Make sure to replace the peels every few days to maintain the fresh scent. Spraying diluted apple cider vinegar around the tree base can also be an excellent repellent for cats that aren’t fond of the smell.
3. Contain Cords
Hanging electrical cables are an invitation for a feline to play and bite. If your cat bites through a wire cable, it can cause burns or electrocution. Cover the cables and fasten them to the wall from the outside to avoid such disasters.
When decorating your tree, wrap the lighting firmly around the tree trunk to make them inaccessible. And to make your Christmas tree safe for your cat, do not forget to unplug lighting when you go to sleep or before you leave the house.
4. Decorate Intelligently
If you have covered your tree with glittering, hanging baubles, it will not matter how much fetid repellants you spray on it. Your cat will be agitated to resist.
Don’t dangle any breakable decoration on the tree’s lower half for a more cat-safe Christmas tree. And if possible, keep the lowest tree branches from any ornaments or potential temptations.
Avoid decorating with tinsel or edible ornaments, which are both toxic to cats. Tinsel may lead to stomach obstruction when ingested, and edible decorations such as candy and popcorn may lead to a blockage.
5. Create Barricades
Depending on the size of your tree and your feline, you can be able to create obstacles that will keep your cat out of the Christmas tree. Remove furniture that might serve as a launching rack to help your cat jump higher than the tree.
In addition, you can place a baby gate, fence, or an exercise pen around the tree to limit your cat’s access to it. Some cats don’t like trampling on pinecones and will not get too near if placed around the tree base.
6. Cover Your Tree with Aluminum Foil
An aluminum foil is an excellent barrier to keep cats away from your Christmas tree. Wrap the tree base and trunk entirely with aluminum foil. Because most cats don’t like the sound of the foil and the feeling of penetrating their claws into it, they will keep away from the tree.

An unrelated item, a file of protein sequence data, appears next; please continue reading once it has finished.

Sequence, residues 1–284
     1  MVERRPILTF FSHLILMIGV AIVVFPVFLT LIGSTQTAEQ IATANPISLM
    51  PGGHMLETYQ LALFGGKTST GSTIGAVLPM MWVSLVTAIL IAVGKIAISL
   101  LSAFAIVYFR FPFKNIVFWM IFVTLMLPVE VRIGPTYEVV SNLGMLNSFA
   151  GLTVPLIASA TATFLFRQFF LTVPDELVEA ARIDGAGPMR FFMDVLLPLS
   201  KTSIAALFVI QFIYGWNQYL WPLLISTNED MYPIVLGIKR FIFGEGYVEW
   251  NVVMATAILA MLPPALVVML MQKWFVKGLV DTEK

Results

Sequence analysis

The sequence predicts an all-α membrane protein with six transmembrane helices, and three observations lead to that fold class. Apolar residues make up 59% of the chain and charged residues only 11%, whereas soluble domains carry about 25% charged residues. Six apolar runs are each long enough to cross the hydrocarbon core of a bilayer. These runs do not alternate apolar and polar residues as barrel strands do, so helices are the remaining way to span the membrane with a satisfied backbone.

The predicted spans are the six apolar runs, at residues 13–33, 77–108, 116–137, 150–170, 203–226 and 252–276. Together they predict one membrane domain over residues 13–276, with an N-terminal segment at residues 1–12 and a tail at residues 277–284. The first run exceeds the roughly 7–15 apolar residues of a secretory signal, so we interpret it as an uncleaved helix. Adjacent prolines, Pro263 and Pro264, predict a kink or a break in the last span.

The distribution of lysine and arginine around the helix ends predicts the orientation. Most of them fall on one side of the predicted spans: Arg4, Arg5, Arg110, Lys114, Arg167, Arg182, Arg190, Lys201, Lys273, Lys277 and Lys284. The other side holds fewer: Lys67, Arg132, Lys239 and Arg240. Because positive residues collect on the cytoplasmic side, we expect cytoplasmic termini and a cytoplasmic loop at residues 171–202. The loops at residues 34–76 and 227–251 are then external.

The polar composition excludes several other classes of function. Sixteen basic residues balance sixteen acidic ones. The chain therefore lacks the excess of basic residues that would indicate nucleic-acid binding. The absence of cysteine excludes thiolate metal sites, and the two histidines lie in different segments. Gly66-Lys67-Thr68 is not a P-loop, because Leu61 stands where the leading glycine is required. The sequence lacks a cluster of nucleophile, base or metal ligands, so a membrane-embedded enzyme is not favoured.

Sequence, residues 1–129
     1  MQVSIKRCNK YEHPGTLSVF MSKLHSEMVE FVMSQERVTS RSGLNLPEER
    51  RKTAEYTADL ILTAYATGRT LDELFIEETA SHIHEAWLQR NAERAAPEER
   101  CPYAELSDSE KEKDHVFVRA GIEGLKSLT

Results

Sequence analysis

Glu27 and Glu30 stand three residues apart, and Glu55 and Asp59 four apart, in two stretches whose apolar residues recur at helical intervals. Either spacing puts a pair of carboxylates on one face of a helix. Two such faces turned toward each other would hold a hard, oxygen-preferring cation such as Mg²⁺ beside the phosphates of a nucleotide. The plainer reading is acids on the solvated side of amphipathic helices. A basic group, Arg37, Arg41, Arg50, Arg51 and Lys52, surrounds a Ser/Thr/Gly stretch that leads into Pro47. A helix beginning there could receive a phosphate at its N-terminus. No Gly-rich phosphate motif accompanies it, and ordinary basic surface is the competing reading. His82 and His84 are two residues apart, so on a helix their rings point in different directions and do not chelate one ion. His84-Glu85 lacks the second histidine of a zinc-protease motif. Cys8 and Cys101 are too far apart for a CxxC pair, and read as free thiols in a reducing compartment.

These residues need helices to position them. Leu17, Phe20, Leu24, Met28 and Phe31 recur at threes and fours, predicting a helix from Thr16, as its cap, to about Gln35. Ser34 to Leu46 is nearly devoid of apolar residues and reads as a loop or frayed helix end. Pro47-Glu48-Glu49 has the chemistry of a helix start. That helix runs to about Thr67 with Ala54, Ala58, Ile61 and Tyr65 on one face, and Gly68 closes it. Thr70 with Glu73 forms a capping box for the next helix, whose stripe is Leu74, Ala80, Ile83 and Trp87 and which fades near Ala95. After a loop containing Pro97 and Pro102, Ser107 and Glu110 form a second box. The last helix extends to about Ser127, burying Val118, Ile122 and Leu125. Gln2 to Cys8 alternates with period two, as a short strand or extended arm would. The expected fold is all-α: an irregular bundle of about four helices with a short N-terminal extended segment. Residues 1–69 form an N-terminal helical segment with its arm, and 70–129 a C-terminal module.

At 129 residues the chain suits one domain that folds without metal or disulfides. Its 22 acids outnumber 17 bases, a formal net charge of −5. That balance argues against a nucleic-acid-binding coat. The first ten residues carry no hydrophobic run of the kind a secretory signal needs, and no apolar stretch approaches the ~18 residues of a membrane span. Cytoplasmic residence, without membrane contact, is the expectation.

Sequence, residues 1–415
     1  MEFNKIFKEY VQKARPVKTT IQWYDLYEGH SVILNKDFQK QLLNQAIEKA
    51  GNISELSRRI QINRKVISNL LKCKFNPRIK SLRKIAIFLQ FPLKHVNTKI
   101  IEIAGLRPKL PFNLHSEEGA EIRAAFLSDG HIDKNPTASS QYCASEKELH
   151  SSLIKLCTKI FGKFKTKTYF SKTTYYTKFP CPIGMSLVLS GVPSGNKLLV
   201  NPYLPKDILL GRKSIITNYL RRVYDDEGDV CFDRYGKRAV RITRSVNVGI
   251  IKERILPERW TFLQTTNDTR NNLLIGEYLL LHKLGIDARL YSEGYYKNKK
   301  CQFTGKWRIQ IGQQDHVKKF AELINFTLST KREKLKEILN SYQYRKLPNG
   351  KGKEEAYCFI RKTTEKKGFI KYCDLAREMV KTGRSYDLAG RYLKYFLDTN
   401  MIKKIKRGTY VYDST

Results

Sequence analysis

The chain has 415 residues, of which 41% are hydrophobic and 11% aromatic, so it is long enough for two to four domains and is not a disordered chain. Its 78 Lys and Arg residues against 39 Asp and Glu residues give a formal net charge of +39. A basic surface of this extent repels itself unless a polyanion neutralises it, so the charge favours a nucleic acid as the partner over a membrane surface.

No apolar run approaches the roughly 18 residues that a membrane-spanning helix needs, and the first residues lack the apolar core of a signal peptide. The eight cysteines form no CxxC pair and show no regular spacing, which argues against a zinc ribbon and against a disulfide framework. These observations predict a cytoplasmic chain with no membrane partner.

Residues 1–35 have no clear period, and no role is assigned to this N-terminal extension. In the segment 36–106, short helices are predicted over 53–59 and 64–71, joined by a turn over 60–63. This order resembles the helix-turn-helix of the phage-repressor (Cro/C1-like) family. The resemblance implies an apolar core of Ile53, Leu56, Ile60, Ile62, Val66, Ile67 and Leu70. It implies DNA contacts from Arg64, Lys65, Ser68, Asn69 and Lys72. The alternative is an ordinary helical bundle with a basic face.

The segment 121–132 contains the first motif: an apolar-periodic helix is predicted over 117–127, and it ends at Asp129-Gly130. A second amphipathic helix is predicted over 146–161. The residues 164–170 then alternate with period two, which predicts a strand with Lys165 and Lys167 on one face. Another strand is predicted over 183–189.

7. Secure Your Tree
Regardless of all your efforts, your cat may still find its way into your Christmas tree. It is crucial to secure your tree well so that your curious feline does not accidentally knock down the entire tree.
To keep the tree stable on the ground, begin with a heavy tree stand, or add weights to a lighter one. Or else, you can attach the tree stand to a massive piece of cardboard to keep it secure.
Ensure you place the tree near a wall. Tie a thin wire or clear string to the top of the tree and fasten it to the wall to ensure the tree remains upright.
It is very crucial not to miss the fun and joy that comes with the Christmas holiday. Don’t become irritated if you experience a minor accident when your cat knocks down your Christmas tree. Pull up the tree back and ensure your feline is alright.
Cats and Christmas trees can be a recipe for disaster. However, once you have cat-proofed your tree, all that is left is to celebrate the most enjoyable moment of the year. So, ensure this Christmas is a safe one by keeping your Christmas tree upright and your kitty out of it.
Finally, don’t forget to treat your cat to a small gift, too, this Christmas. Reward your cat for maintaining peace with your Christmas tree and involve them in the festivities
Featured Image Credit: Nadtochiy, Shuttterstock